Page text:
So, in that specific example, we looked at what's the probability that the random

variable was larger than six. But we might want to look what's the

probability the random variable's larger than seven, or smaller than six, or

smaller than five, or smaller than 4.3, or so on.

So if you take a random variable, you could construct a function that, when you

plug in a value. Returns the probability that the random

variable is less than that value. And you could construct a function that

when you plug in a value, returns the probability that the random variable is

larger than that value. And these things are so inherently useful

that we give them names. So the cumulative distribution function,

CDF, is simply a function that takes any specific value and returns the probability

that the random variable is. Less than that value.

And again, if it's continuous, it doesn't matter whether it's less than and equal to

or less than. But, the cumulative distribution function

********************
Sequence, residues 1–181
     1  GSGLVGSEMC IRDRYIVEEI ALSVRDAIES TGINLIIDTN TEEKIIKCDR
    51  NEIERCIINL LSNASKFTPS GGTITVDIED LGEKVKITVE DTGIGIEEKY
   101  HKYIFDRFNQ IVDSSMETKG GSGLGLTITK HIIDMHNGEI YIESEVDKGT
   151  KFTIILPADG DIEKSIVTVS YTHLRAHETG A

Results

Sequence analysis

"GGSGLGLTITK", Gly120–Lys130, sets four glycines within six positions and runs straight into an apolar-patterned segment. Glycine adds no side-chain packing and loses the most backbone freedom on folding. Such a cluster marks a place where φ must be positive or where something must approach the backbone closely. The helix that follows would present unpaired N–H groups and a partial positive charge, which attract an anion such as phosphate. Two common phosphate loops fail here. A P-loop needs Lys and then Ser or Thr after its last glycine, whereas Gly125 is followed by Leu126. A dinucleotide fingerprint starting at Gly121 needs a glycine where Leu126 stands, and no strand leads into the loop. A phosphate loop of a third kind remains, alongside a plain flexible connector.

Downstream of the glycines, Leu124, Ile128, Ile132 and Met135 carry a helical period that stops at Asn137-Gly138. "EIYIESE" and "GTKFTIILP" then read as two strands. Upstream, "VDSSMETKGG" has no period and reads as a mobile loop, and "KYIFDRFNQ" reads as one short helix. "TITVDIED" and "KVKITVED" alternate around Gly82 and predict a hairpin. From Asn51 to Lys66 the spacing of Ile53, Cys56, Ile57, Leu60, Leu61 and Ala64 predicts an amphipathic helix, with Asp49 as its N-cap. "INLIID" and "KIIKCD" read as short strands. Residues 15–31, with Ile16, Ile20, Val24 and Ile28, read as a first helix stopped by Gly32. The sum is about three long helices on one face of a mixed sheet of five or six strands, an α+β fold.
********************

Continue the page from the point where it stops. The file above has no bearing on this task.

is defined for both continuous and discrete random variables, so let's be

specific and say that it's less than or equal to.

The survival function is the opposite, namely, that it is exactly the probability

that a random variable is larger than any specific value.

So if you plug in x into the survival function, it returns the probability that

the random variable is larger than x. So if, on our previous slide, this figure,

imagine if on the horizontal axis, instead of looking at sect, I was looking for some

arbitrary value x, The gray area would be s of x and the white area to the left of x

and to the vertical axis would be f of x. Notice in this case that f is the

probability of being less than or equal to x, s is the probability of being strictly

greater than x, so that s of x and f of x have to add up to one.

Because their probabilities have complimentary events.

Probability X is less than or equal to X and probability X is strictly greater than

X. So if you've calculated the cumulative

distribution function you've also calculated the survival function because

all you have to do is one minus it, conversely if you've calculated the